Seth Goldenberg on Developing a Practice of Radical Curiosity
In Conversation with Andrew Keen on the Keen On Podcast
Hosted by Andrew Keen, Keen On features conversations with some of the world’s leading thinkers and writers about the economic, political, and technological issues being discussed in the news, right now.
In this episode, Andrew is joined by Seth Goldenberg, author of Radical Curiosity: Questioning Commonly Held Beliefs to Imagine Better Futures, to discuss why questioning the status quo is a necessary precondition for progress.
From the episode:
Seth Goldenberg: Radical curiosity is a practice of questioning commonly held beliefs to imagine flourishing futures. What that means to me is that we have to question the very root of things—not just, as you suggest, a childish or youthful curiosity, where there’s a kind of unintentional wandering and, oh, what is this do? A sensory kind of curiosity. This is a much more intentional, advanced practice, in which we have to question now more than ever a set of assumptions around the human condition. What is health? What is happiness? What is a relationship? What is gender? All these core ideas that were maybe commonly held wisdom for the past several centuries are experiencing such significant flux that radical curiosity is a kind of inquiry and investigation to look at the roots and the histories of these concepts, understand how contemporary society is evolving, and update our common wisdom in order to imagine a very different future.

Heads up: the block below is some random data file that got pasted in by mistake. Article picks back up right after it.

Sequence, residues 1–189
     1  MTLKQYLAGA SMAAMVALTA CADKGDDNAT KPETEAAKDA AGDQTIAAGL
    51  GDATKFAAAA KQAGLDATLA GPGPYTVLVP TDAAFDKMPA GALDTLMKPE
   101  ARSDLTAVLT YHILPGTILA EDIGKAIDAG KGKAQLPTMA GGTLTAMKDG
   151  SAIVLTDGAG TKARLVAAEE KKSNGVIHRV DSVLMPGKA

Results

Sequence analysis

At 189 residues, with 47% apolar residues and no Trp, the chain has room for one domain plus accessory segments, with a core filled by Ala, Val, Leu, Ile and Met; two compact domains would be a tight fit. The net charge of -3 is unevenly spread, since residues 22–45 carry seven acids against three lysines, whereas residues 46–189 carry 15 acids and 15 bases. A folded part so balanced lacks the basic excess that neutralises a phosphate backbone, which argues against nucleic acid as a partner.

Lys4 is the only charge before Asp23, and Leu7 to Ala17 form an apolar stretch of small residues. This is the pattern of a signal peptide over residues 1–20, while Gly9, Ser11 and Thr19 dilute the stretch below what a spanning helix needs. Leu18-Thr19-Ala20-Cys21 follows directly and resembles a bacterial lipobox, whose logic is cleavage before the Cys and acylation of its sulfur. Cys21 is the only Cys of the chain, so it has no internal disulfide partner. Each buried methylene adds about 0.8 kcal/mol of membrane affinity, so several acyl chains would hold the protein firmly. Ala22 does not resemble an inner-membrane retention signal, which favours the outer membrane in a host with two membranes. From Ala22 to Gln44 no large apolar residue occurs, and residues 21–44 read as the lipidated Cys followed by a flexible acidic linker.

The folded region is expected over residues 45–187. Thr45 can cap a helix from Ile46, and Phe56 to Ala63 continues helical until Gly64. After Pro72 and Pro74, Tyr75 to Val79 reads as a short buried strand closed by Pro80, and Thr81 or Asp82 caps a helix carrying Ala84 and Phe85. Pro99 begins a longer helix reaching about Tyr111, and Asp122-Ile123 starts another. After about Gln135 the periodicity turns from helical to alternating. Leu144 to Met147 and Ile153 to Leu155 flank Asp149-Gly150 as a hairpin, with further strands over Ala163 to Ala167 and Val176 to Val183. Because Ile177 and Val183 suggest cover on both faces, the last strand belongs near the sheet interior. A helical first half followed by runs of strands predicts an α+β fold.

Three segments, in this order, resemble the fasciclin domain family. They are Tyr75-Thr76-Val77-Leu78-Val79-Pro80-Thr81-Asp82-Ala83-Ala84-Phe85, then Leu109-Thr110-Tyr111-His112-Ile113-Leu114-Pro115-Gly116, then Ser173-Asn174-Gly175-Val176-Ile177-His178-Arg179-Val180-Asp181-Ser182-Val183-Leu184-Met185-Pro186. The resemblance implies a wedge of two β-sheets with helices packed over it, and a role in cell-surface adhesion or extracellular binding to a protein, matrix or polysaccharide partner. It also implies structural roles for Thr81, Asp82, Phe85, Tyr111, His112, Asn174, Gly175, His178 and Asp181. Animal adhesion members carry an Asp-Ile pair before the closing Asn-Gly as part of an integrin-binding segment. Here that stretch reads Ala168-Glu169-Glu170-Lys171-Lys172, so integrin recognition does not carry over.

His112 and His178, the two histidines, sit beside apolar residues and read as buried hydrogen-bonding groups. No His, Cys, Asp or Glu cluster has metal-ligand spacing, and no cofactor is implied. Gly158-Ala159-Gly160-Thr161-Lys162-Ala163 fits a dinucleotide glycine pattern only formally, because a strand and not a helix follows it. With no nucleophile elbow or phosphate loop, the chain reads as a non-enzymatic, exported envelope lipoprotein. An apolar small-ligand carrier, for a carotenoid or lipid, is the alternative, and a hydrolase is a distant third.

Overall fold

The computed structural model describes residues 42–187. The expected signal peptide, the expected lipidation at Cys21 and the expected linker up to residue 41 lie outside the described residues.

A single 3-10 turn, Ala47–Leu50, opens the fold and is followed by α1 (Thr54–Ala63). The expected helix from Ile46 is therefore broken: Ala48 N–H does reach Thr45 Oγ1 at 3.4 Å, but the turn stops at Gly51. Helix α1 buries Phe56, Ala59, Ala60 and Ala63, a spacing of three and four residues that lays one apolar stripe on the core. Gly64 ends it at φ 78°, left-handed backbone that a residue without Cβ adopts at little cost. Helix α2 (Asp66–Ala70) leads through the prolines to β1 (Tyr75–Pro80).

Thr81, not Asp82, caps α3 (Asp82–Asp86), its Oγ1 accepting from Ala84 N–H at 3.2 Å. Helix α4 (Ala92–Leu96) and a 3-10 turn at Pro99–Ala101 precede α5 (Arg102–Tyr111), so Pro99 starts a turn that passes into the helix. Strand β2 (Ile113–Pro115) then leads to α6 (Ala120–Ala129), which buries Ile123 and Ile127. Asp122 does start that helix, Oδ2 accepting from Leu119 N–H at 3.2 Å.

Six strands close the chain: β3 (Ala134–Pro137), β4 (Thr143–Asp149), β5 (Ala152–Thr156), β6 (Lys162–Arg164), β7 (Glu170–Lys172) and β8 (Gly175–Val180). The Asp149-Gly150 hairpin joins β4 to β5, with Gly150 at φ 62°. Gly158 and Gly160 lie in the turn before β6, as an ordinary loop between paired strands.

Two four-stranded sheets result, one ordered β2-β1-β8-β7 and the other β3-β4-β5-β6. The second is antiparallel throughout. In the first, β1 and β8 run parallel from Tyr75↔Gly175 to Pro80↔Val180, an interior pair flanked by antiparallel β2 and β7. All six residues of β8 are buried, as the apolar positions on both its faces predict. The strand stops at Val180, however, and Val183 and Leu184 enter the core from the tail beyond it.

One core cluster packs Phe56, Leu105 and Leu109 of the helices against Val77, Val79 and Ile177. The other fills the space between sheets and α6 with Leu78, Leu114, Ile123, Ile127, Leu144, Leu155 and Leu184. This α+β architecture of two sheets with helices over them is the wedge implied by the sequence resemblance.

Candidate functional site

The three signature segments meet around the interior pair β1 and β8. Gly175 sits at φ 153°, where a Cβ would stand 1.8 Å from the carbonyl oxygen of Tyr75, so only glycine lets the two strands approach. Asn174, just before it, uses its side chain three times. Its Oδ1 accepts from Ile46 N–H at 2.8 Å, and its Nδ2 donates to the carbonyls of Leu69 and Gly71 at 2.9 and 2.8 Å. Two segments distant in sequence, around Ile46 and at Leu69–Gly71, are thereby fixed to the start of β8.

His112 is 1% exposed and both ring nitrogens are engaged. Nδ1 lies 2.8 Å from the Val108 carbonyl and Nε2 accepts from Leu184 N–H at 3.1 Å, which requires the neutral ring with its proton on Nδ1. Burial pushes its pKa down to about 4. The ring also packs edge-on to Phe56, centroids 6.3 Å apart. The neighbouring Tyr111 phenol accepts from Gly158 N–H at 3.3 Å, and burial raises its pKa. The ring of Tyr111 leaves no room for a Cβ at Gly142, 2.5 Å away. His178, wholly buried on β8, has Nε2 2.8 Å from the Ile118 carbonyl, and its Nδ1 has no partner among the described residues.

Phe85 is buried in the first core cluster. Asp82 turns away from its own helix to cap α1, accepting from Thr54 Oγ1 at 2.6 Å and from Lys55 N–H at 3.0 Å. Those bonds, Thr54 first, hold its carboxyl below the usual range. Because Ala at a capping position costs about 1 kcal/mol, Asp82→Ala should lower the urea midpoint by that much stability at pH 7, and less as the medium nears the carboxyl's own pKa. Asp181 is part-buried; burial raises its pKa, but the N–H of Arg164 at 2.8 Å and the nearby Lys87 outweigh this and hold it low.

Seth Goldenberg is an entrepreneur and thought-leader working at the intersection of design, business, and culture. Since founding Epic Decade, Goldenberg has led a series of high-profile projects to help organizations build their capacity for ambitious change. He was previously co-CEO of the research insights group Now What, interim chief marketing officer of the state of Rhode Island, chief marketing officer of Intarcia Therapeutics, VP of Bruce Mau Design Studio, executive director of Massive Change, where he led major client engagements such as Oprah Winfrey Network, Disney Imagineering, and Myspace, and founder and curator of the civic engagement program for the 2008 Democratic National Convention, Dialog: City. His work has been featured in the New York Times, Wired, Fast Company, and HuffPo.